he shoebox-shaped device, designed to capture fingerprints and perform iris scans, was listed on eBay for $149.95. A German security researcher, Matthias Marx, successfully offered $68, and when it arrived at his home in Hamburg in August, the rugged, hand-held machine contained more than what was promised in the listing.
The device’s memory card held the names, nationalities, photographs, fingerprints and iris scans of 2,632 people.
Most people in the database, which was reviewed by The New York Times, were from Afghanistan and Iraq. Many were known terrorists and wanted individuals, but others appeared to be people who had worked with the U.S. government or simply been stopped at checkpoints. Metadata on the device, called a Secure Electronic Enrollment Kit, or SEEK II, revealed that it had last been used in the summer of 2012 near Kandahar, Afghanistan.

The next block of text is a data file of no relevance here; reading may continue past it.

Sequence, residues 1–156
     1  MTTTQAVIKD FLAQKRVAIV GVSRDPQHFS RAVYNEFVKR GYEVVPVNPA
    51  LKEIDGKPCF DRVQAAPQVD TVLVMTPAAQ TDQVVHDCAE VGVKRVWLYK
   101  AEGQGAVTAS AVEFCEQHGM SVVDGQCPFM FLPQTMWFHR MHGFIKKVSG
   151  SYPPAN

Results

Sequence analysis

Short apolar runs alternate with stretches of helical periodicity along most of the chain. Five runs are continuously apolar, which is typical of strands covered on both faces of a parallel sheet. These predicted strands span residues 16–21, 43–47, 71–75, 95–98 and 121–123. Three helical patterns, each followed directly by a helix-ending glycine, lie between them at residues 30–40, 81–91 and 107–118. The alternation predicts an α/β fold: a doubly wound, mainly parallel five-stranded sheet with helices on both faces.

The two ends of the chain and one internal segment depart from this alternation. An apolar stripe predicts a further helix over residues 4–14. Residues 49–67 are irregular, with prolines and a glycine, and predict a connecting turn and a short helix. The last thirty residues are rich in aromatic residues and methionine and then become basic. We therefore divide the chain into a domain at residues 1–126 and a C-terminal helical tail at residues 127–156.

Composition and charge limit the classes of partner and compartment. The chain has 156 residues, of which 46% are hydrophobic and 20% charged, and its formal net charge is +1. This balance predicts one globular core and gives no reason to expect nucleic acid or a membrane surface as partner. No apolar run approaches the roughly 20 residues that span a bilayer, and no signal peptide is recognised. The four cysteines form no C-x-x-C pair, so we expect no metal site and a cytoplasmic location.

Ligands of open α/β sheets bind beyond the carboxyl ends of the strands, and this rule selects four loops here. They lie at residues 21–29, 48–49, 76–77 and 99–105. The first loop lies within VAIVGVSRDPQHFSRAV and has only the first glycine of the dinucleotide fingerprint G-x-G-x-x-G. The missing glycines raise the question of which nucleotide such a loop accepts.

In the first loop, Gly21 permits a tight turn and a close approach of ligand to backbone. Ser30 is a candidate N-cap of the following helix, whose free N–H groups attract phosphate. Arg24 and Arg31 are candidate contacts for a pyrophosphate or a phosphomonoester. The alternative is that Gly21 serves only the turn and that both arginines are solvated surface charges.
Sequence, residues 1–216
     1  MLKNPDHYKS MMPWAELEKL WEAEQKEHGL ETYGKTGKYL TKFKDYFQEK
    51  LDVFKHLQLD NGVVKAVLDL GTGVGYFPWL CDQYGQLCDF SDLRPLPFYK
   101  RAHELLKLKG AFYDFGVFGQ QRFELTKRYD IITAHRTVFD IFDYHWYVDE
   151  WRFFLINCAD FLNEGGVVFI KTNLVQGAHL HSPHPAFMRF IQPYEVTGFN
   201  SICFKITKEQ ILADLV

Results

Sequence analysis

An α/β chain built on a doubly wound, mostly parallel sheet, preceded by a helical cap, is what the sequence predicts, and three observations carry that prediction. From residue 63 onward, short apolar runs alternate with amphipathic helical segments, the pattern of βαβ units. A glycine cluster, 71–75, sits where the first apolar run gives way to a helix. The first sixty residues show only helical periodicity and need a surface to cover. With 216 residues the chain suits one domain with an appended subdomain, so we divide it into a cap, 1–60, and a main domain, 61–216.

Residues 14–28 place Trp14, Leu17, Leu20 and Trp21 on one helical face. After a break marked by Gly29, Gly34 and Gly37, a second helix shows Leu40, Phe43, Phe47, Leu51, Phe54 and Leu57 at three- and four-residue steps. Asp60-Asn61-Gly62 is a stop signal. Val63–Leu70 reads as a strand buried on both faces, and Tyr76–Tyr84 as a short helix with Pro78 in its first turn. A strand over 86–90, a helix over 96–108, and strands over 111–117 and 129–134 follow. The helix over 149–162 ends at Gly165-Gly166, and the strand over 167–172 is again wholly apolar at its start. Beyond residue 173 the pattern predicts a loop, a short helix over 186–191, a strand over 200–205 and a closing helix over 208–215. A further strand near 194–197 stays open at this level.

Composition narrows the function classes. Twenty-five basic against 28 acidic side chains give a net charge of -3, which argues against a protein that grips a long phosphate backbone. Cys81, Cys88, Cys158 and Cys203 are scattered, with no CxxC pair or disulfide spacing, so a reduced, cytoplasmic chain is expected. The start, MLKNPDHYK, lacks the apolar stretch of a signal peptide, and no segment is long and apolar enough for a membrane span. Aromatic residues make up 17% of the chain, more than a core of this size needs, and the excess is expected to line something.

The device — a relic of the vast biometric collection system the Pentagon built in the years after the Sept. 11, 2001, attacks — is a physical reminder that although the United States has moved on from the wars in Afghanistan and Iraq, the tools built to fight them and the information they held live on in ways unintended by their creators.
Exactly how the device ended up going from the battlefields in Asia to an online auction site is unclear. But the data, which offers detailed descriptions of individuals in addition to their photograph and biometric data, could be enough to target people who were previously unknown to have worked with U.S. military forces should the information fall into the wrong hands.
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